Faced with legal restrictions as well as the threat of extralegal intimidation, many journalists practice extensive self-censorship, particularly regarding sensitive issues such as corruption or factional fighting within ZANU-PF. However, during the year, there was relatively more reporting on issues such as official corruption and malfeasance, with coverage ranging from low-level officials to Mugabe and his family. In recent years, a number of exiled journalists have returned to Zimbabwe, and new cases of exile have not been reported since 2009, according to the Committee to Protect Journalists.
Foreign journalists can encounter restrictions on residing full-time in the country and are sometimes denied visas to file stories from Zimbabwe. Locally based correspondents for foreign publications have also been refused accreditation or threatened with lawsuits and deportation. Steep accreditation fees introduced in January 2011 for foreign media bureaus and their local correspondents remain in place. Although several dozen foreign journalists were accredited to cover the constitutional referendum in 2013, and several hundred covered the July elections, many faced surveillance while in the country and were prevented from covering certain stories or events. A Kenyan reporter was deported in July for failing to obtain appropriate accreditation, while a Voice of America (VOA) reporter was denied entry into the country in March.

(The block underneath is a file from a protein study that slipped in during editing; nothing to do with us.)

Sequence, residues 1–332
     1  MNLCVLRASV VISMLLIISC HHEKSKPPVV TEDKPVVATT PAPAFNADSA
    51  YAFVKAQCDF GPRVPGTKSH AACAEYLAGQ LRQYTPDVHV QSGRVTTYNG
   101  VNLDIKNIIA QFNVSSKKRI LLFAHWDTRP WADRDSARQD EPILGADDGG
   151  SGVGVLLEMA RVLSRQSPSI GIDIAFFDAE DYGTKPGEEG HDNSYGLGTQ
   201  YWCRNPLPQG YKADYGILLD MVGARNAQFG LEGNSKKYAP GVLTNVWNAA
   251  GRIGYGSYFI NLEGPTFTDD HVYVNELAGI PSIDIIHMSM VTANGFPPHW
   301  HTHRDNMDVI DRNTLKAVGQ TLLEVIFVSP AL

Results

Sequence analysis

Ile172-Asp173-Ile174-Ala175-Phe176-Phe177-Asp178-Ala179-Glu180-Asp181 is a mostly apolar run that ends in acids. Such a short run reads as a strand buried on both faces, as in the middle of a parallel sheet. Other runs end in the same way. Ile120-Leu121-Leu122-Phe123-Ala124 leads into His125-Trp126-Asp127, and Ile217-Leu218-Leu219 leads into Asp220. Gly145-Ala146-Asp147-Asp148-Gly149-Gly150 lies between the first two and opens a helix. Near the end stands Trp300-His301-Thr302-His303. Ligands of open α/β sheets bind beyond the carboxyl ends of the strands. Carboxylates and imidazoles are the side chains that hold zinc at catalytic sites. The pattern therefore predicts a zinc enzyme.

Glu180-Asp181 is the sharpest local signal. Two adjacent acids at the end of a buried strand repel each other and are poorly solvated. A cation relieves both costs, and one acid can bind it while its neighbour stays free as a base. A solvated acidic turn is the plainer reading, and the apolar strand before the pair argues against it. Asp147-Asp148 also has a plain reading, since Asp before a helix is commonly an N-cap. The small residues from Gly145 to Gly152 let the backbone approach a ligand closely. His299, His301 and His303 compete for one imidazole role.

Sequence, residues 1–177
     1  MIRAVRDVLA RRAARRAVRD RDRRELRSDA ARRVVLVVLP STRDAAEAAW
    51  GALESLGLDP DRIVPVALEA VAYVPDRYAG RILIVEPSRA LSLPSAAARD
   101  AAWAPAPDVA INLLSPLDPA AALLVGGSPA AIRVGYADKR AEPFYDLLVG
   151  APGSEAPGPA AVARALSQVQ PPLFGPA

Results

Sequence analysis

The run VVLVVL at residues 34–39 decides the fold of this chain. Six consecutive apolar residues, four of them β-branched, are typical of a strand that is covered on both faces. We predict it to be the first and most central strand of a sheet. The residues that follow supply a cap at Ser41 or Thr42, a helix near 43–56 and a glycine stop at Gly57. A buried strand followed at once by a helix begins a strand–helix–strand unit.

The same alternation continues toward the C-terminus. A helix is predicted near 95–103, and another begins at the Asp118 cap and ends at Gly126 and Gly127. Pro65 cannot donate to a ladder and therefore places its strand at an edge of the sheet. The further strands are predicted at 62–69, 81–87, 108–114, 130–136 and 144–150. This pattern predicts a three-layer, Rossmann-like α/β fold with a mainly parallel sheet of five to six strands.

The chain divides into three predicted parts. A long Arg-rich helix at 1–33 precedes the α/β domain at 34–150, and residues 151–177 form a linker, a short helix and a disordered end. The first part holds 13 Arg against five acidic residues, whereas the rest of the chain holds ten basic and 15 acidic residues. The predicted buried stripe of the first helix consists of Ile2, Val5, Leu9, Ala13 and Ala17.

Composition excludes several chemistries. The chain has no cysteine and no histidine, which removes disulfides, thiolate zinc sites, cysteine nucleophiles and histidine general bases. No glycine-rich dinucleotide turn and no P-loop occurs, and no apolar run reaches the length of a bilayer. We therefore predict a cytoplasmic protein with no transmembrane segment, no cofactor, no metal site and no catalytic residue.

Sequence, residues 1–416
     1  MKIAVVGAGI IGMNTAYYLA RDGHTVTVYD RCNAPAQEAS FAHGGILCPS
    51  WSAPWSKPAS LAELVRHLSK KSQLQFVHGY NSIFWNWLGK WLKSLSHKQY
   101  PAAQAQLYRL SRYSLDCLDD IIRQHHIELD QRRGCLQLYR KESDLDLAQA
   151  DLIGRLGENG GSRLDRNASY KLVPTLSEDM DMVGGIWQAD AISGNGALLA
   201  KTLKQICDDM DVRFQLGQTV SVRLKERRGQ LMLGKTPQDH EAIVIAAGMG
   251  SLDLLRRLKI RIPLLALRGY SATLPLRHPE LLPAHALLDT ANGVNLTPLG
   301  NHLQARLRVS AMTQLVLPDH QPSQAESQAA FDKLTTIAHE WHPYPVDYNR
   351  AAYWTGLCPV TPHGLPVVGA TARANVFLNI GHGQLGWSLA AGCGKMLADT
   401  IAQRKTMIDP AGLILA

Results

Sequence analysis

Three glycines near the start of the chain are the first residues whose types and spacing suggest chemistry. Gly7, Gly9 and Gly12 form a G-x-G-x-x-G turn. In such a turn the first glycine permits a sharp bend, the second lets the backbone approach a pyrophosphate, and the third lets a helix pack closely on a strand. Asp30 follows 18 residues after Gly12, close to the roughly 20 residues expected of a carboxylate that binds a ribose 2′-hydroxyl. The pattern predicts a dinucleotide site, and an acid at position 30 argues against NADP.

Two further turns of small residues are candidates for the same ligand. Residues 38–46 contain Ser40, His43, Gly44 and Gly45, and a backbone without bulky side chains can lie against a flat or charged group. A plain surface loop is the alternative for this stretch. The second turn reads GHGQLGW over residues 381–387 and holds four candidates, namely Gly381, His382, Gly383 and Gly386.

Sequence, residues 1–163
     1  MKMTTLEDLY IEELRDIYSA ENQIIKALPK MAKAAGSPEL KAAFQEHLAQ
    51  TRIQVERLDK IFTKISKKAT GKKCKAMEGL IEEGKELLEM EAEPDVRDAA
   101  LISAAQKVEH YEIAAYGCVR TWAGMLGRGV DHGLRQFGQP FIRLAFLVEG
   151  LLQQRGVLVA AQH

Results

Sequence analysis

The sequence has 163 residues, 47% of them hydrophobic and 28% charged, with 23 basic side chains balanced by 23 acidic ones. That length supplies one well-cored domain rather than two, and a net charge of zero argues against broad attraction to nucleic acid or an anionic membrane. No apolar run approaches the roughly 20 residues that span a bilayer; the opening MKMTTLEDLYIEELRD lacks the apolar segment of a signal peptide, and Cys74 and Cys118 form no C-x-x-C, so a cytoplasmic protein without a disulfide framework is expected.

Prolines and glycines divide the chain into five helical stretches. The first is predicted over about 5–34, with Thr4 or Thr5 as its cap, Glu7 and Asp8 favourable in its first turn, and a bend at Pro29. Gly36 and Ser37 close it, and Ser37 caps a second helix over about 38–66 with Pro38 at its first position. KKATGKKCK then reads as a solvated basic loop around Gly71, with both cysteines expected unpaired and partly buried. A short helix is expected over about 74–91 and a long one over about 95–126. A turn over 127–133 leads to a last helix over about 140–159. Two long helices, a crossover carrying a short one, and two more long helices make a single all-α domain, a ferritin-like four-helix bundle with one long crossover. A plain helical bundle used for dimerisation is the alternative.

The government, through the Mass Media Trust holding company, controls the two main daily newspapers, the Chronicle and the Herald, whose propagandistic coverage favors Mugabe and ZANU-PF. This slant became more pronounced in the run-up to the July elections. The private Alpha Media Holdings group publishes a number of the country’s independent papers, including NewsDay, the Standard, the Zimbabwe Independent, and the regionally focused daily Southern Eye, launched in Bulawayo in 2013. The Daily News, published by Associated Newspapers of Zimbabwe, resumed operations in 2011 after being shuttered in 2003 and is generally aligned with MDC viewpoints. The Zimbabwean is produced in South Africa for the Zimbabwean market, and some foreign newspapers, mainly from South Africa, are available despite a 2012 ZMC directive banning the distribution of unregistered foreign newspapers.
Newspapers typically have poor distribution networks outside urban areas, and they have been buffeted by soaring prices for newsprint in recent years. Vendors and distributors of independent newspapers are occasionally harassed by soldiers or ruling party supporters. According to MISA’s African Media Barometer, state-run companies do not advertise in private papers, and state-run media outlets do not accept advertising from companies thought to be aligned with the opposition. Owing to poor economic conditions and salaries that do not keep pace with inflation, journalistic corruption and cash incentives for coverage have become rampant, according to a recent report by the VMCZ.